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It's not called 'Can' Spam for nothing

Antispam technologist Ray Everett-Church says the new congressional legislation entirely misses the core issue.

4 min read
After six years of wrangling over legislative ways to stop spam, Congress was still faced with a fundamental choice: Give consumers control over the growing flood of unwanted spam e-mail that fills their in-boxes, or give in to the powerful advertising and marketing industries who want to be the ones filling consumer in-boxes.

In the end, consumers lost.

The Can-Spam Act, signed into law Tuesday, is being touted as relief for the millions of consumers

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beset with unwanted e-mail. But careful readers will notice that the law is not called the "Can't-Spam" Act. There's a good reason: The law is little more than an instructional guide for how to keep pumping out millions of e-mails per hour while avoiding legal liability.

Can-Spam sets forth various dos and don'ts for the spammer who aspires to be legitimate. Do put your company's name and street address in the body of your advertisement. Don't use a fake return address. Do give people a method by which they can opt out of messages about your company's latest clearance sale on earth-moving equipment. Don't bother to ask whether the millions of people you are e-mailing could possibly even need your products in the first place.

This law is a result of the direct-marketing lobby's success in convincing Congress to redefine the spam problem as being about dishonesty rather than the negative effects of massive volumes of unwanted e-mail. Marketers argued that because most of the spam in consumer in-boxes is filled with fake headers, forged return addresses, and bogus opt-out links, outlawing those practices will make the "bad" spam go away and make room for "good" e-mail from legitimate companies.

Can-Spam sets forth various dos and don'ts for the spammer who aspires to be legitimate.
Legitimate marketers have long been frustrated by spam. Just as mainstream companies were discovering how much money could be saved by migrating ad campaigns from postal mail to e-mail, spam began to drive consumers crazy. Yearly surveys have shown consumers steadily growing both weary and wary of commercial offers received via e-mail. Companies have also been forced to invest millions in disruptive antispam filtering technologies which all too frequently block legitimate mail while letting spam pass through.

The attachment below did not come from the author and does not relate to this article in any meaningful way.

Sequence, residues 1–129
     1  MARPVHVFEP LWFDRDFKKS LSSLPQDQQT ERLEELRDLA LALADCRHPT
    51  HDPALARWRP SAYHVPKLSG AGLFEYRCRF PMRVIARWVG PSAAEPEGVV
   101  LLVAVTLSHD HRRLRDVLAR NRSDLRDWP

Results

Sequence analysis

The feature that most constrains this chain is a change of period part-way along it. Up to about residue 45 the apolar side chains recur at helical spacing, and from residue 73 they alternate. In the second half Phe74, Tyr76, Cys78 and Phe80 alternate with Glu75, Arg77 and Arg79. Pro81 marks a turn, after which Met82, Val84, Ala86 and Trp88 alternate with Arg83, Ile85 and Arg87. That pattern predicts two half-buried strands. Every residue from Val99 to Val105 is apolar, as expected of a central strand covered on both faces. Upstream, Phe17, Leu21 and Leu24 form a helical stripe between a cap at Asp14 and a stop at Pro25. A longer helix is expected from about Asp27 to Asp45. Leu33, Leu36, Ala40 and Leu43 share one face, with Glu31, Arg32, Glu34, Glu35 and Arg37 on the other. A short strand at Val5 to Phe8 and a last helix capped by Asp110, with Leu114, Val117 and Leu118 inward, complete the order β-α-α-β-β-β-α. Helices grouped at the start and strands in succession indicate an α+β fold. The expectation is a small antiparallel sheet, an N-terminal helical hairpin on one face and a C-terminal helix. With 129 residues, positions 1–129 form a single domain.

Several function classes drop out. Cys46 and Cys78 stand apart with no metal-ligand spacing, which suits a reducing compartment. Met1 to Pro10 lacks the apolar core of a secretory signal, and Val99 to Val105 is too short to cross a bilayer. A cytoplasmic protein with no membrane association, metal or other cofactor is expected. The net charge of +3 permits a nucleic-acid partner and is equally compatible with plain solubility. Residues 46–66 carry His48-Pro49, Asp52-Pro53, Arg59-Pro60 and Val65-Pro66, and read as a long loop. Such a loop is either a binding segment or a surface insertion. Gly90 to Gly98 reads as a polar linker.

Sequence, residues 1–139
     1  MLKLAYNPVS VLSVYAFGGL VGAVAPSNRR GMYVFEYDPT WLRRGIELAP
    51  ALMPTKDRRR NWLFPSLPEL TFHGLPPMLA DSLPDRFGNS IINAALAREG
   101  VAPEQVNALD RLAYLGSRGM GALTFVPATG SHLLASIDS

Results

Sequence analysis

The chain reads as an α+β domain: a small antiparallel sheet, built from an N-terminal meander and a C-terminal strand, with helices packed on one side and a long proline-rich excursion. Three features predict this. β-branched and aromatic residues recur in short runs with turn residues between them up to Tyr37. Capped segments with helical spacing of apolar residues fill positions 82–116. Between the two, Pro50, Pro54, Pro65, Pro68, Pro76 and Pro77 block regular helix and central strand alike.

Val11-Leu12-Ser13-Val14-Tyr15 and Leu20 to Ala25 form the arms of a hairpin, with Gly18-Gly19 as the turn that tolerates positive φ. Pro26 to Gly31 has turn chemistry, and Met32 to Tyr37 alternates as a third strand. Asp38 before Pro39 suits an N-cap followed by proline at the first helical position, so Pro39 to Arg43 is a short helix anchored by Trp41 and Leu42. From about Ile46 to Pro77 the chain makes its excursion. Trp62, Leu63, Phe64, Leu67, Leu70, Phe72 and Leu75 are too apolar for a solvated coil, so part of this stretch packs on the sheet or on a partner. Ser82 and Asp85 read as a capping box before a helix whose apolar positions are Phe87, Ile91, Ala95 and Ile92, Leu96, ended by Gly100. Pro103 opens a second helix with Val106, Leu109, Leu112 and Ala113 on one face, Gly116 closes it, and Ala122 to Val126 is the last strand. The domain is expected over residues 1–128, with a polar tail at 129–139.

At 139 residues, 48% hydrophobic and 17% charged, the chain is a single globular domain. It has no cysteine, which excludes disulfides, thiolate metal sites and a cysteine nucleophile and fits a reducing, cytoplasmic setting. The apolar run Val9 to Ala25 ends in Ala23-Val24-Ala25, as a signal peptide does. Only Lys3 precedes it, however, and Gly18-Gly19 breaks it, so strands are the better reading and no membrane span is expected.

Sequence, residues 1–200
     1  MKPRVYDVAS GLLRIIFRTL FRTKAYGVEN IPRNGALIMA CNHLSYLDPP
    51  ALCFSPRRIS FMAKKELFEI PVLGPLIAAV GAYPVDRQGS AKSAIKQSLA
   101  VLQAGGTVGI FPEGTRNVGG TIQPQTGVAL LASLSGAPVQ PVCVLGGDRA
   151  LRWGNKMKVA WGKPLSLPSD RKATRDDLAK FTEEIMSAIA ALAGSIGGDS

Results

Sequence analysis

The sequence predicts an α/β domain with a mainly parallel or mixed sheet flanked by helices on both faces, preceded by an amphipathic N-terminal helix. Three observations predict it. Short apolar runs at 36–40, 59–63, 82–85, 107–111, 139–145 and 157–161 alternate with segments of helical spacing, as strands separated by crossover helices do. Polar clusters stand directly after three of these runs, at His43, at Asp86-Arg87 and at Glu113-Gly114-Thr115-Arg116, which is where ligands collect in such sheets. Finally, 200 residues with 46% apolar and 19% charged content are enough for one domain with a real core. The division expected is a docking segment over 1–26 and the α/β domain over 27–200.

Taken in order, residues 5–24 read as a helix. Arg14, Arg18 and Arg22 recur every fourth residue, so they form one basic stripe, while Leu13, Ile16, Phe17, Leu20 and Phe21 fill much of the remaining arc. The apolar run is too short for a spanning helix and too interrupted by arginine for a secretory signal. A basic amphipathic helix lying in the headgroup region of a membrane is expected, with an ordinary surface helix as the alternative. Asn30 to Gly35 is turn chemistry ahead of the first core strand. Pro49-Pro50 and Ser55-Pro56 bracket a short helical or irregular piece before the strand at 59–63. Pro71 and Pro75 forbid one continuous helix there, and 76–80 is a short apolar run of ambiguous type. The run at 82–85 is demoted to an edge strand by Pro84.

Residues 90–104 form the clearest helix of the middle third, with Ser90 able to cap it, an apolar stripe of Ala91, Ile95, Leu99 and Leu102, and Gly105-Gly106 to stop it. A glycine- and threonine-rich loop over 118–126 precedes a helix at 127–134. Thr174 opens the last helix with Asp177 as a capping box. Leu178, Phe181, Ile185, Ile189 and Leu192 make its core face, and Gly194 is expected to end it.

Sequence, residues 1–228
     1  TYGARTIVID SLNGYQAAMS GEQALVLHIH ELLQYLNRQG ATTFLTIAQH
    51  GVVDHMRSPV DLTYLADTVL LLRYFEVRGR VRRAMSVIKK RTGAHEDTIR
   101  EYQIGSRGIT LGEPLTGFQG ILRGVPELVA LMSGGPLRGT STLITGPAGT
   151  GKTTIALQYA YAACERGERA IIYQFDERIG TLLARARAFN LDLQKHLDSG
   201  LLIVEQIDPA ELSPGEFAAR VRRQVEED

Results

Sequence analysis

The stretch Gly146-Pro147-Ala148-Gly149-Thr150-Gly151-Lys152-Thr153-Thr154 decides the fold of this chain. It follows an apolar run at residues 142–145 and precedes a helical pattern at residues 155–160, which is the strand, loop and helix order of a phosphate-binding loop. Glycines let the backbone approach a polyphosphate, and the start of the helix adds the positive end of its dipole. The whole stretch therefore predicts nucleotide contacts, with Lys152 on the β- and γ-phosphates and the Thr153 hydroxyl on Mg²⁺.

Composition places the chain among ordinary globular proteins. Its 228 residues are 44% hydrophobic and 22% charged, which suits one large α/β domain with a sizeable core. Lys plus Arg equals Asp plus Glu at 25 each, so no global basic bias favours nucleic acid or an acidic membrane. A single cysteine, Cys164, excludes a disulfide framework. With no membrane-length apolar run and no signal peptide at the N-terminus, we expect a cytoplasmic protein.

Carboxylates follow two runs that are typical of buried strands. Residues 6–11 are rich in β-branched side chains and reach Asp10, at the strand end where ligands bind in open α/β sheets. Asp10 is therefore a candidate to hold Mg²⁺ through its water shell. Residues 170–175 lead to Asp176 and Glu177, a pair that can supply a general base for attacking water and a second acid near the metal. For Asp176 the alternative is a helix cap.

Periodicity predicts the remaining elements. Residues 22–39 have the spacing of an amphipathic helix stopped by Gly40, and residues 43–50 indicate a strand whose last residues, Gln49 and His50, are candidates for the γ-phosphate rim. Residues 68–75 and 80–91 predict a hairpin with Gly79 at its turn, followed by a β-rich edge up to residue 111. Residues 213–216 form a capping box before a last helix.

Yet marketers remain desperate to get into consumers' e-mail in-boxes, so swapping "bad" spam for "good" spam is what the Can-Spam Act is all about. Provided that each e-mail is truthful and provides an opt-out process, the law grants every marketer one free shot at e-mailing every American with a working e-mail address. The Direct Marketing Association calls this getting "one bite at the apple."

Unfortunately, the apple isn't that large, and marketers have very big mouths.

The danger in providing one bite to every would-be e-mail marketer is that when you look at the numbers, they foretell disaster. The U.S. Small Business Administration estimates that there are about 25 million small businesses in this country. If only 1 percent of those businesses sends a single legitimate e-mail message bearing an opt-out feature to every American, we will average more than 650 unwanted e-mails per day.

Provided that each e-mail is truthful and provides an opt-out process, the law grants every marketer one free shot at e-mailing every American with a working e-mail address...when you look at the numbers, they foretell disaster.
Could that many businesses decide to send spam? An editorial in a major marketing industry newspaper recently scoffed at the idea. But after years of telephones ringing at dinner time and receiving three copies of the same catalog in your mailbox, ask yourself how many marketing executives got their jobs based on their qualities of patience and self-restraint.

Unburdened by fears of legal liability for spamming, it is only a matter of time before increasing numbers of legitimate marketers turn to unsolicited e-mail as a low-cost alternative to sending out credit card offers and coupons for laundry detergent.

The direct marketing industry believes that the Can-Spam Act is a great victory. (By the way, so do several of the world's most prolific spammers.) But I believe that even legitimate marketers will soon come to realize what many have long feared: An unfettered right to spam will continue to erode the usefulness of e-mail as a communications tool.

The best we can hope for is that the Can-Spam Act will have little effect on the spam problem, and the world will continue to seek other methods of controlling the flood of junk e-mail. Meanwhile, as we enter this election season, when our congressional representatives tell us how they acted decisively to solve the problem of deceptive spam, we can all take comfort in knowing that deception in political campaigns is still very much legal.